Opinion: Asia’s Pharma Investment Shows the Benefit of Patent Protection
Next month in New York the United Nations will launch its long-awaited High Level Report on access to medicines. The U.N. hopes this will resolve the debate around intellectual property rights and access to medicines.
Leaked versions of the report suggest that this will be a radical assault on the international intellectual-property (IP) system that has been governed since the mid-1990s by the World Trade Organization’s agreement on Trade-Related Aspects of Intellectual Property Rights (Trips). It could mean that patents for medicines will be only sporadically granted and enforced in middle- and lower-income countries, licensing will be automatically compulsory, and the current market-based system of drug development will be gradually replaced by a government-led system.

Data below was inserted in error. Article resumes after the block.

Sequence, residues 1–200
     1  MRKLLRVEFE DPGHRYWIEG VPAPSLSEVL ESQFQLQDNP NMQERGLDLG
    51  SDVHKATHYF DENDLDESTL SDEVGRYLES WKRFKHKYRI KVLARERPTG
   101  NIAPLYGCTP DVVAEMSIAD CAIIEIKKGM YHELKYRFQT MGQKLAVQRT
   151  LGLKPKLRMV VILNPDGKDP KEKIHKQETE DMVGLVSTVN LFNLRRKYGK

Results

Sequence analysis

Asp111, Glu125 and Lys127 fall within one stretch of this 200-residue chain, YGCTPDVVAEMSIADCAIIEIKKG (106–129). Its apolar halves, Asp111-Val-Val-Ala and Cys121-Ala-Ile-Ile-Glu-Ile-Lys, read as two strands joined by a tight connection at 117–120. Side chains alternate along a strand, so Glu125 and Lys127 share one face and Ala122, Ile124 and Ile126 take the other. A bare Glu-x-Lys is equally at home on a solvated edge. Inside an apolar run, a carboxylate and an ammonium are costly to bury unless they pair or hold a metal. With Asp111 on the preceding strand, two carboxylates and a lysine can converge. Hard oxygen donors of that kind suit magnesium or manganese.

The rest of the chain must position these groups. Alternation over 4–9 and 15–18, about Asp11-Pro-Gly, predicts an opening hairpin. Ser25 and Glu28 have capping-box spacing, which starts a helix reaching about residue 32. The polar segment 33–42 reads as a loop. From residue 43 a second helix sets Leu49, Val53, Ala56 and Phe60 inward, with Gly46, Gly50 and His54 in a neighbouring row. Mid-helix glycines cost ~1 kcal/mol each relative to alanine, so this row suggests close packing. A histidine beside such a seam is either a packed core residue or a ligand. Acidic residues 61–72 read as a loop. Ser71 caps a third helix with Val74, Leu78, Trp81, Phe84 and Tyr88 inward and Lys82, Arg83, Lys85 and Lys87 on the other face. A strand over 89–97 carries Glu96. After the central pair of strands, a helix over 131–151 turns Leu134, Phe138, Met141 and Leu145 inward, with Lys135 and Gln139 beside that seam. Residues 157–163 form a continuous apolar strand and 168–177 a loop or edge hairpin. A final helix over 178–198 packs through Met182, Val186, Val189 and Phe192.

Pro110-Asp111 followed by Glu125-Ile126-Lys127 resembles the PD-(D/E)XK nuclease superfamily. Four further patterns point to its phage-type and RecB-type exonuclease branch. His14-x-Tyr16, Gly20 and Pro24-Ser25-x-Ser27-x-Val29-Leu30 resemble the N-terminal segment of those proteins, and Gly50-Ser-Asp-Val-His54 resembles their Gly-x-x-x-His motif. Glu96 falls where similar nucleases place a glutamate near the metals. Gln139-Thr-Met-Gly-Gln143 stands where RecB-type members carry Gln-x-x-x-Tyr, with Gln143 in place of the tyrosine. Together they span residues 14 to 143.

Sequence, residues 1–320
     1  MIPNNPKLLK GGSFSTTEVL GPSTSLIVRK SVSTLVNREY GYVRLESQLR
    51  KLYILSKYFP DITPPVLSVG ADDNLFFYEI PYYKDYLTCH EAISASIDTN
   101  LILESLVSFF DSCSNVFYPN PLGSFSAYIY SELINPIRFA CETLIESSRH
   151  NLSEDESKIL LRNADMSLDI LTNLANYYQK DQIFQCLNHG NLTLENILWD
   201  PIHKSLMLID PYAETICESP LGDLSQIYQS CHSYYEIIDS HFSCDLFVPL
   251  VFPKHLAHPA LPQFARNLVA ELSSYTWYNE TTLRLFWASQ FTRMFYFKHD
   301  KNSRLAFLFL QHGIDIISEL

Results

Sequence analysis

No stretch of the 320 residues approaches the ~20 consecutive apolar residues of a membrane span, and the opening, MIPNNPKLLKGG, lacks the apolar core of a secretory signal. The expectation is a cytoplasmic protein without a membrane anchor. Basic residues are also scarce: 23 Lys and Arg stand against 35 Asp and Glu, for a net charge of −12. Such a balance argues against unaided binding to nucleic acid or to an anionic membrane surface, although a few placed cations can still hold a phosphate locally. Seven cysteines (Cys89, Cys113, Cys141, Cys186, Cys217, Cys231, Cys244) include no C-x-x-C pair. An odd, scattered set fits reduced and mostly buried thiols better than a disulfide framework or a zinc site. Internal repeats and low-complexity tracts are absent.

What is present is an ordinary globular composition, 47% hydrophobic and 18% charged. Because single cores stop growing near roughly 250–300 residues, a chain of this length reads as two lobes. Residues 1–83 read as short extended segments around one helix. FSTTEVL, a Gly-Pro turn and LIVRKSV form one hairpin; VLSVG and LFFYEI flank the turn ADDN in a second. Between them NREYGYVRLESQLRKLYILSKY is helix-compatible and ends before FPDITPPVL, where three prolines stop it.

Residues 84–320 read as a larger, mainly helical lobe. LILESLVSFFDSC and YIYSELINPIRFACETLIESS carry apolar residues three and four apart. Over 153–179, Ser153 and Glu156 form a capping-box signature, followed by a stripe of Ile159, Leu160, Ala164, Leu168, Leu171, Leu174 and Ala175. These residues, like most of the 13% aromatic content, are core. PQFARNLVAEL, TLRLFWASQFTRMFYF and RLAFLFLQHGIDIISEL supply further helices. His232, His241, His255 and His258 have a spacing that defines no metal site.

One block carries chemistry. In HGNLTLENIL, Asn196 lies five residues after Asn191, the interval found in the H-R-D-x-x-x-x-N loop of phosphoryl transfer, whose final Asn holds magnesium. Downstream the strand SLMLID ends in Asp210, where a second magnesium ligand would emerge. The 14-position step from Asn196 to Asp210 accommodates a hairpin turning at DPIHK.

Such ideas may be popular in the rarefied worlds of academia and public-health activism, for which Trips-led IP protections for medicines are an affront. But in China and India, the world’s two biggest middle-income countries, Trips has stimulated a nascent boom in medicine innovation. The new U.N. report threatens to derail this crucial development.
- Health Care